Banking on solar
September 8, 2015 at 5:51 PM
By Samantha Beattie
Liz Snell wanted to install solar panels on her Guelph home to support renewable energy and make a difference to the environment.
It was to her disappointment that she found her roof was too shaded and oddly shaped for solar panels. Plus, they’re a lot of money – upwards of $30,000.
Then she heard about the Guelph Renewable Energy Co-op (GRECo) and realized she could still help the city reduce its fossil fuel usage.
“When I heard about the co-op I realized it was a chance to participate in green energy with a smaller dollar commitment and make a reasonable return,” said Snell, who is now a GRECo investor.
“I was interested in the whole idea of a co-op too because it’s the community working together to benefit all.”
Now, several years later, Snell has seen her investment pay off.
GRECo announced last week its first solar project is up and running. The 370 panels on the rooftop of 2 Airpark Pl. are generating enough electricity to power 11 to 12 homes, said the chair of GRECo’s board, Evan Ferrari.
“The idea of a renewable energy co-op is to get people involved in providing renewable energy,” he said. “We’re putting our money where our mouth is.”
GRECo has 200 co-op members, 37 of whom have invested $5,000 each, which was enough to start construction on two projects.
Mark Bailey, chair of the Upper Grand District School Board, began the group in 2007. He reached out to residents who were interested in buying solar panels for their homes and proposed they invest together to save money. That idea eventually evolved into GRECo.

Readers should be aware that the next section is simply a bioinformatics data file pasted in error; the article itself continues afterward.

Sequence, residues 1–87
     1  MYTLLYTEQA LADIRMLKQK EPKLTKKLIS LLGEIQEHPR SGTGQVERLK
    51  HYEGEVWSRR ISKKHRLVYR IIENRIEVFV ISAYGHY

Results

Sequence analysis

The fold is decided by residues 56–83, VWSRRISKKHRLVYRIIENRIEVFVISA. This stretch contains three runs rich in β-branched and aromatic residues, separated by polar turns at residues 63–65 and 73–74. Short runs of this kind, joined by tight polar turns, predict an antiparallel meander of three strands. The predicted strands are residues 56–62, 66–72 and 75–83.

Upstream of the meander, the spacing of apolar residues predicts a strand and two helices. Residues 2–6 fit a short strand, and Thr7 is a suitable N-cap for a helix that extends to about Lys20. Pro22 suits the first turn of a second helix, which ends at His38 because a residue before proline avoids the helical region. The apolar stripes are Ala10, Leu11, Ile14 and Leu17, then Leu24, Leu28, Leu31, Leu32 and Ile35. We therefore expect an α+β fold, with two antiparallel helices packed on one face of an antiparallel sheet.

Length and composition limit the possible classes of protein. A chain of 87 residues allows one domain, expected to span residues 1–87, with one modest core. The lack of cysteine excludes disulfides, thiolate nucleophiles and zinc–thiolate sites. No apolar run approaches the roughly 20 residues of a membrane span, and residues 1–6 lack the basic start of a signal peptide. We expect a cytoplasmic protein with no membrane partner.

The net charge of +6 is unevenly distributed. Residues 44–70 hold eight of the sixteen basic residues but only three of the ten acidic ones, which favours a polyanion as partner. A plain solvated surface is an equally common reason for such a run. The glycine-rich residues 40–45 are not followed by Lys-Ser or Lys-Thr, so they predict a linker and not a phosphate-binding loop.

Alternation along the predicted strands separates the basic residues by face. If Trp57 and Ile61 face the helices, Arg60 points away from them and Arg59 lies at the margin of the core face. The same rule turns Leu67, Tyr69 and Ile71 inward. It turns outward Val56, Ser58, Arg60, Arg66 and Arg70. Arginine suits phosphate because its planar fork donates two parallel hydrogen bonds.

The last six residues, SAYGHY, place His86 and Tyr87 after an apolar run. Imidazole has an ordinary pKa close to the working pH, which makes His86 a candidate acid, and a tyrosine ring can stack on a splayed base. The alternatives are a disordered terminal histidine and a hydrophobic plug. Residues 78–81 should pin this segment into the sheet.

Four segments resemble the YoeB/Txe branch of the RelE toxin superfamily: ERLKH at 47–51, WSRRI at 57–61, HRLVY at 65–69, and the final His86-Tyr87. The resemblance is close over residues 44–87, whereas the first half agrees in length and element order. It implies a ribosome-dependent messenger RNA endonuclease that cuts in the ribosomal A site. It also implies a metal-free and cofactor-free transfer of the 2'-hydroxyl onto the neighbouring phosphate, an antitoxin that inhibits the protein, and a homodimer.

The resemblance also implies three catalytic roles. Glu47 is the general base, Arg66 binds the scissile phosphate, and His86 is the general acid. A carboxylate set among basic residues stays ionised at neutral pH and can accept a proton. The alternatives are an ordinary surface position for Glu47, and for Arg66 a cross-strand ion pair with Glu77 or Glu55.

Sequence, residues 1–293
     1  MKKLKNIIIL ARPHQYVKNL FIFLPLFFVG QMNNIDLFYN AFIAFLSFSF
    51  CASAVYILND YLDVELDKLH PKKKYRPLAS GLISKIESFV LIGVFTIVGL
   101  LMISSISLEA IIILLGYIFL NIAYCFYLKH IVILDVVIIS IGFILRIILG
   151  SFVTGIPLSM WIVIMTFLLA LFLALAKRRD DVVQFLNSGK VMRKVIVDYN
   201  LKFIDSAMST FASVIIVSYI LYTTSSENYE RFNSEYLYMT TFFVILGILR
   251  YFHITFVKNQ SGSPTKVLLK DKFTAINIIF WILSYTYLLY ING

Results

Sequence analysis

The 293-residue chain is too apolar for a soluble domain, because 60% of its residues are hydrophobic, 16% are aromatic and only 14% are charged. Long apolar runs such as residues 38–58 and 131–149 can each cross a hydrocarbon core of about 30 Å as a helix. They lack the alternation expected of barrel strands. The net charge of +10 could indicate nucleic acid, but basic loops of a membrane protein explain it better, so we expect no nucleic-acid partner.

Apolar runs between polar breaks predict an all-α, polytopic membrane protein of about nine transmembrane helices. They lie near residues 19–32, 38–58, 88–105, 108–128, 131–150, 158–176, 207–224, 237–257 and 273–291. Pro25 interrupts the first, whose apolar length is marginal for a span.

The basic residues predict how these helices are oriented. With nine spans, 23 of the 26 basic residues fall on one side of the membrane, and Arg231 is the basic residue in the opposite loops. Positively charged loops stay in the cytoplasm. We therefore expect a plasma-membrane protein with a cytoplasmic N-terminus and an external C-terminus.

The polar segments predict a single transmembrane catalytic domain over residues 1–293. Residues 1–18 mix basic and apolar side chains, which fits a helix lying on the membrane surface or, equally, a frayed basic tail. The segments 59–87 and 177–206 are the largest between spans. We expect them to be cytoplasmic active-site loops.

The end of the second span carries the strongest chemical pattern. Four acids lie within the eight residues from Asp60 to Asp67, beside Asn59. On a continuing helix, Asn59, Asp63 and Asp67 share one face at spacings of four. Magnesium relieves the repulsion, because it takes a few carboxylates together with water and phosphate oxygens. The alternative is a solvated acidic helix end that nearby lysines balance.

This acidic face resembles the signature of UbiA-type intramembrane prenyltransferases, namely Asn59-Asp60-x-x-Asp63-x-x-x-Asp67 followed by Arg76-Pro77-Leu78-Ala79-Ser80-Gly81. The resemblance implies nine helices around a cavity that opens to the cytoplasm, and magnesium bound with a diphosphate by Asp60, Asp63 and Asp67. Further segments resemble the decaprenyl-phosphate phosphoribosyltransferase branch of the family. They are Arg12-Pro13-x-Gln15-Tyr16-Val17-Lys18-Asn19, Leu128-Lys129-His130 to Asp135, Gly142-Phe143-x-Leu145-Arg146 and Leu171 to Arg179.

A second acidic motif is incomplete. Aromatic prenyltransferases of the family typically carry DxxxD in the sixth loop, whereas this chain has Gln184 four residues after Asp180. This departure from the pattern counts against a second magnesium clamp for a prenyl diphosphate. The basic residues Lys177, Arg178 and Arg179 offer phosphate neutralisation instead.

GRECo’s second, much larger project is on top of the Value Village at 218 Silvercreek Pkwy. Right now 1,100 panels are being installed to generate enough energy for 300 homes.
“The board found some really great sites on flat roofs that have great power potential and don’t use up agricultural land,” said Snell, who now runs a local environmental consulting firm alongside her husband.
The average annual return for investors is projected to be about seven per cent on their outstanding principle. Of all the types of electricity generation, solar is probably the least risky, said Ferrari, who is also the executive director of eMERGE – a group that promotes environmental sustainability in Guelph.
GRECo has already overcome the biggest risk – securing a contract with the province. For applications to the Green Energy and Economy Act’s Feed in Tariff program, there’s a 75 per cent turn-down rate, said Ferrari.
In 2012, GRECo submitted applications for three different projects and, against the odds, two were approved. It likely helped that the projects were co-operatively owned and benefit the community, Ferrari said.
Along with its investors, GRECo has financial backing from Options for Green Energy. Any extra money it makes will help fund other cooperatives.
GRECo is modelled on the Toronto cooperative called WindShare, of which Ferrari is a former president. WindShare is the joint partner of the wind turbine located at the Canadian Exhibition Centre. Now that GRECo is up and running, the group is looking forward to other projects. “What we want to do is work with developers to cooperatively own more energy systems,” said Ferrari.
Developers Solera Sustainable Energies and Icarus Power Generation install the panels and own 49 per cent of the projects. Guelph’s Canadian Solar made the panels.